Sefira Ross is a freelance designer and illustrator whose original creations grace many Chabad.org pages. Residing in Seattle, Washington, her days are spent between multitasking illustrations and being a mom.
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Suzy January 4, 2018

I have never understood the lack of desire or finding monotony in reading the names and the numbering of the tribes. I have a strong since of standing with them and being warmed by the sand at formation of each tribe. I am sixty four years old and each day find greater joy in my Jewishness. I grew up in America with elders that never wore anything with short sleeves to hide the remembrance of their numbering by evil. Yet they cherished that they stood numbered before G-d. Deep and wide is our history. So are the wounds of our history. Gratitude is where I desire to always be found and where I pray I will be spoken of in remembrance. Reply

Joseph Connecticut January 26, 2017

Names Thank you.Interesting explainations at the link chabad.org/627663. Reply

Chabad.org Staff January 25, 2017

To Joseph Good question. Please see this link www.chabad.org/627663 where the issue is explained. Reply

Judith Berge Bethel Park PA January 20, 2017

Batya and the midwives career I like the fact that Batya, forever, has a good heart, one honest and courageous enough to raise a little guy named Moses. I haven't done any research into the legal age of becoming an adult in ancient Egypt, but whether it was say, 15 or 22, Moses evidently had a wonderful shining education, college and military. I think Shushah and Puah would've liked the WWII poster lady in our local history museum: a woman with her fist up, wearing a kerchief. At times, women obviously fight alongside everybody else to fight for right. One more understanding comes too; all three had to be the right one in the right place at the right time...Though I walk thru the shadow of death Thou are with me. Hey everybody, choose a right career! Reply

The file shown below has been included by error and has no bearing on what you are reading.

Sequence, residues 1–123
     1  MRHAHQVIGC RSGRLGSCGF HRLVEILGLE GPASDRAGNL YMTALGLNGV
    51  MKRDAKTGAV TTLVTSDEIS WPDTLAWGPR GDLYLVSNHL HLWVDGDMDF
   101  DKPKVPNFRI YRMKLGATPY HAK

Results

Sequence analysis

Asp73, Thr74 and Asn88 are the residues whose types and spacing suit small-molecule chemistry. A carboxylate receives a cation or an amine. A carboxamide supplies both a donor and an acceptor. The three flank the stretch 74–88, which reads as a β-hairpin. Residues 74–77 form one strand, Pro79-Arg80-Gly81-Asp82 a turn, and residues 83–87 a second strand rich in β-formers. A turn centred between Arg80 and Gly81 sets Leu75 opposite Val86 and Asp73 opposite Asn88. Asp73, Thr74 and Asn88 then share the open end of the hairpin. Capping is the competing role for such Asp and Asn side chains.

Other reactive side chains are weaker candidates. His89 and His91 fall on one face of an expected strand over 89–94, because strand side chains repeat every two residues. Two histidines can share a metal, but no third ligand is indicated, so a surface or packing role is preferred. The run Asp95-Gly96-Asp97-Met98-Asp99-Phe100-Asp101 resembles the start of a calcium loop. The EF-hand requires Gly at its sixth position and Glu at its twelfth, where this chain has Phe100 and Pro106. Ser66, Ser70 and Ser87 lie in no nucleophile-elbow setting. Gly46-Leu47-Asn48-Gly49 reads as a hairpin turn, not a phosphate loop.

Anonymous New York January 20, 2017

My Hebrew name is ima sholom which translates mother of peace. I don't know is there such a name like this but that what I sound in hebrew Reply

Dina Leah Albuquerque NM USA January 19, 2017

To Anonymous in Toronto First, Happy Birthday!
When I moved to Israel (although I don't live there now), I asked my mom my Hebrew name. All she could remember I was named after her grandmother whom she never met (remained in Minsk when her mom came to the US in early 1900s. I have always hated my English name including a middle name. So, I decided on a Hebrew name that fit me, but using the same initial as what mom used for mg English name. My son was named after his paternal aunt who died as a freedom fighter against the Nazis. His middle name is mg paternal grandfather's Hebrew name, and He HATES it! He only uses the initial. My best friend in Israel chose her Hebrew name. The one given her was Yiddish which she didn't like.